<ns3:findInstitutionsResponse xmlns:ns3="http://fwc.gitter.org/services/" xmlns="">
      <institution>
        <address>500 Silverspring Rd Ste K340 Glendale, WI 53217</address>
        <institutionName>Bryant &amp; Stratton College-Bayshore</institutionName>
      </institution>
      <institution>
        <address>10950 W Potter Road Wauwatosa, WI 53226</address>
        <institutionName>Bryant &amp; Stratton College-Wauwatosa</institutionName>
      </institution>
      <institution>
        <address>4425 N Port Washington Rd Glendale, WI 53212</address>
        <institutionName>Columbia College of Nursing</institutionName>
      </institution>
      <!-- Snip ... -->
    </ns3:findInstitutionsResponse>
  </SOAP-ENV:Body>
</SOAP-ENV:Envelope>

Analysis

There are some notable things missing from this article, including some of the reasons that would compel you to use SOAP services instead of REST in the first place.  This includes the entire WS-* stack: reliable messaging, use of transports other than HTTP, support for signed/encrypted/authenticated service calls, and transactionality of service calls.  I decided to break these concepts out into separate articles so I could do them justice.  I'm not sure the gap between EJB3/JAX-WS and Spring-WS is wide enough for the configuration of a simple SOAP service to enable us to make a decision on this alone.  However, I did notice a couple things that are at least worth pointing out.

First, I have a confession.  When I initially wrote the code for the Spring-WS service, I spent several frustrated hours trying to hammer out a working service, specifically when trying to write up a service implementation that would work with the WSDL that I had cobbled together.  My frustration was really due to two things.  First, I chose not to do "Contract-First" service development, which would have, more or less, guaranteed that the implementation would have matched the WSDL.  Second, my lack of experience with Spring-WS configuration had me battling myself for the first few hours.  When I finished getting the service to work, I went through several more passes to understand how the moving parts of Spring-WS were working together and slowly trimmed my configuration down to just the pieces that were necessary to make it work, discovering that some of what I had done was unnecessary or redundant.  So hopefully my analysis remains untainted from my early frustrations.

I noticed that configuring the URL of the endpoint in Spring appeared to be more flexible.  This may differ slightly when using other containers, but the endpoint of my EJB3/JAX-WS service was /<context-root>/<WebService.serviceName>/<WebService.name> or /fwc-ejb/soap-institution/InstitutionService.  Initially, my serviceName was soap/Institution, but that is not a legal name for a wsdl:service in the WSDL.  I got away with it in JBoss, but it would have failed validation, so I changed it.  On the other hand, all the Spring SOAP calls were getting routed through the Spring-WS MessageDispatcherServlet which allows any service endpoint mappings you want.  I mapped the servlet to "/soap/*" and then in my application context, mapped my wsdl endpoint to "/soap/institution/InstitutionService".  What seemed to be a point for Spring-WS turned out to be a side-effect of my choice to use "Contract-Last" development, so it wasn't enough to sway me.  If I had generated the wsdl myself, I could have set the endpoint to whatever I wanted.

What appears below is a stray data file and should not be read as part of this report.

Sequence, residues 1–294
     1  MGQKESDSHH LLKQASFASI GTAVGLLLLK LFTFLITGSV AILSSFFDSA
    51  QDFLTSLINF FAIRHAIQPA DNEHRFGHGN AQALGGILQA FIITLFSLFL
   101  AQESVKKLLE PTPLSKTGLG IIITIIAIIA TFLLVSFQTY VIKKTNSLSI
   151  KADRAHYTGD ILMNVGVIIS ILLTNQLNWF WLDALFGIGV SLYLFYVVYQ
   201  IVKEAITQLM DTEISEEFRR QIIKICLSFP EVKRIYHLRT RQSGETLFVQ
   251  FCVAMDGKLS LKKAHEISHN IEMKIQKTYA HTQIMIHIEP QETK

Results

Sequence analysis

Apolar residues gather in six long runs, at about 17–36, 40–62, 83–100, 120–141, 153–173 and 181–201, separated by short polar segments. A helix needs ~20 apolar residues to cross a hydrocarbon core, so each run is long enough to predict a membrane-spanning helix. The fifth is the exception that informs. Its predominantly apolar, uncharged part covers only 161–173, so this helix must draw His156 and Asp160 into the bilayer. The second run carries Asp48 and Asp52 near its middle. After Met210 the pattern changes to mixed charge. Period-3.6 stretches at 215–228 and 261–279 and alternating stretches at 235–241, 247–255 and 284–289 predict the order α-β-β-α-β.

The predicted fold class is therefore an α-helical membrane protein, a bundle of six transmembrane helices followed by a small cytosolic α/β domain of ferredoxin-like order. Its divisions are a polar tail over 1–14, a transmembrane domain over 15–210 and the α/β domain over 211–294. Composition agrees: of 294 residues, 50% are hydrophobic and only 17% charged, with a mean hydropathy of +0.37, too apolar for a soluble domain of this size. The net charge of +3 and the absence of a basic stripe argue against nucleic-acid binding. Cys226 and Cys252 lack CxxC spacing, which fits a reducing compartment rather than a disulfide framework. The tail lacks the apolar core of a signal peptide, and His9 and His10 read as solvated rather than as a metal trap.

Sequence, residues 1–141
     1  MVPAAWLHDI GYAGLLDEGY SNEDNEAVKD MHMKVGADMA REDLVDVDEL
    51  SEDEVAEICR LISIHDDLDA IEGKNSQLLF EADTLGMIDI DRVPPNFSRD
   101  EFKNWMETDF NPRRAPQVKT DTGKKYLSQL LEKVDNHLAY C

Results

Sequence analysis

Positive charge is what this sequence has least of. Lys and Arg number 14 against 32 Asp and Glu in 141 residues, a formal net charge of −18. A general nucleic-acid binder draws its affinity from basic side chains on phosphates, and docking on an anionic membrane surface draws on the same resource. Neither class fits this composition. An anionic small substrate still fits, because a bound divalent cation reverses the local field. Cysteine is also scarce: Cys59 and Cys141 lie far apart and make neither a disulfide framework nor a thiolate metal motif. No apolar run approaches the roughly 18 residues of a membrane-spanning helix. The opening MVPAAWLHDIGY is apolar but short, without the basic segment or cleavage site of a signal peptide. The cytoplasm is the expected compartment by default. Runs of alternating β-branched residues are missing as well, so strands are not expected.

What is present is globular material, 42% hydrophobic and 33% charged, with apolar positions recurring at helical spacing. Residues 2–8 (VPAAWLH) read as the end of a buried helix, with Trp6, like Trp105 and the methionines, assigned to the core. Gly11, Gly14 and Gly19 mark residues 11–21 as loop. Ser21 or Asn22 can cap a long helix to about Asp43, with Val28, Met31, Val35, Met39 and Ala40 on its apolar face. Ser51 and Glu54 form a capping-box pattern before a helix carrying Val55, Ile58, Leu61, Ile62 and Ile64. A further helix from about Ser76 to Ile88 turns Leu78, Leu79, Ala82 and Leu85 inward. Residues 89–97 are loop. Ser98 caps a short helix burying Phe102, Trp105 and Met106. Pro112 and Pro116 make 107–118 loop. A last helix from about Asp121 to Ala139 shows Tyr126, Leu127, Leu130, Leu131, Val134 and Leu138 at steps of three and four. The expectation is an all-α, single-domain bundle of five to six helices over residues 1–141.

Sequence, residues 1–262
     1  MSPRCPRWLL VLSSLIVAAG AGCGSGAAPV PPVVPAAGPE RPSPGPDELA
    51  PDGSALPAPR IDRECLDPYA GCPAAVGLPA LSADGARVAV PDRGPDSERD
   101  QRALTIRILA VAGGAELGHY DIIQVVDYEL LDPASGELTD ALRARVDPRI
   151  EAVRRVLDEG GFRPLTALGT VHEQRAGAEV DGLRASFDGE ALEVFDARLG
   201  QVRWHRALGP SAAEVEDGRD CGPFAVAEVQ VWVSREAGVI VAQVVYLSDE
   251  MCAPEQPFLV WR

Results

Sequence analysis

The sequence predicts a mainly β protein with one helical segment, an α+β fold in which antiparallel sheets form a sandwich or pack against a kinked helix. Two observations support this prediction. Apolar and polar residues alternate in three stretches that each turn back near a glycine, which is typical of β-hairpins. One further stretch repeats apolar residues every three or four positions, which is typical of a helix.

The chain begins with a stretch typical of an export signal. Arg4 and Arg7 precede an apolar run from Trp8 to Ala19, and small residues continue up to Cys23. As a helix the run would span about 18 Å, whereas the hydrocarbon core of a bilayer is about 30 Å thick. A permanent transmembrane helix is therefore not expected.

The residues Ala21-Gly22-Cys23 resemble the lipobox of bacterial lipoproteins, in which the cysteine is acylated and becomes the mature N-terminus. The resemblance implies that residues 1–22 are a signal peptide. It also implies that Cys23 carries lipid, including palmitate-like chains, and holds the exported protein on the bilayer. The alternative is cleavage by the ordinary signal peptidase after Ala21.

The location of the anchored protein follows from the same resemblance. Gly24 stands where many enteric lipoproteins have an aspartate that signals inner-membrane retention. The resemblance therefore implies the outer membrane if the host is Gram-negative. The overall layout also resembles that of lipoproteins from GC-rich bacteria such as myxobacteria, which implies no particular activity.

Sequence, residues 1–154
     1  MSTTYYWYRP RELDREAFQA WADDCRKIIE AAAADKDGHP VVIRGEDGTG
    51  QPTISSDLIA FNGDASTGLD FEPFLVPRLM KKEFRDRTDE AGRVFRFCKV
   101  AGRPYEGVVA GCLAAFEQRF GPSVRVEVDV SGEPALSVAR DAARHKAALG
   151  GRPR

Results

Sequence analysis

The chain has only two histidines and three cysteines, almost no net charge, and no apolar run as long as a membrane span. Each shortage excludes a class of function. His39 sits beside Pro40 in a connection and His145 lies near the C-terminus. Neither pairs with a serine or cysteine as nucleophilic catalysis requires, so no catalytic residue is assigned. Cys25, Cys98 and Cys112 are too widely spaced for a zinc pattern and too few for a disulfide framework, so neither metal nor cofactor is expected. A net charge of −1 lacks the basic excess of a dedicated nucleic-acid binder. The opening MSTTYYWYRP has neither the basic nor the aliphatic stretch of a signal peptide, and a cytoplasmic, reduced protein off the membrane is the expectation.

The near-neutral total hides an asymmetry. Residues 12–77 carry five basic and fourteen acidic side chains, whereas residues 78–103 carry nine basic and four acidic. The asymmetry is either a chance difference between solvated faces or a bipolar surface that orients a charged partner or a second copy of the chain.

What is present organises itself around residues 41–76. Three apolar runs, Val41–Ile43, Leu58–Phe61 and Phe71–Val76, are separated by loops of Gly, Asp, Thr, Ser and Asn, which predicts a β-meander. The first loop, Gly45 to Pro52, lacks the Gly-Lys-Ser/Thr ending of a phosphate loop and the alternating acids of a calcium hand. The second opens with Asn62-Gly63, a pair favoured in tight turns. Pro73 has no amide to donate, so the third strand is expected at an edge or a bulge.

So which is better?  There really weren't any notable differences in the two versions of the implementation.  While Spring-WS is certainly a viable option, I was very put off by the fact that my desired Code-First approach wasn't supported.  This alone might make me choose to go with JEE.  In fact, if you choose to use Spring for other reasons, it is possible to plug in Apache CXF to publish your Soap Services and host the JAX-WS service implementation in the first example via CXF in the Spring container.  Honestly, I wasn't expecting to notice any great divergence yet, but I anticipate that I will begin to see some major differences as I delve deeper down the rabbit hole.

 

 

 

 

Topics: Software Development, Microservice, EJB3, Spring

Written by Jeff Gitter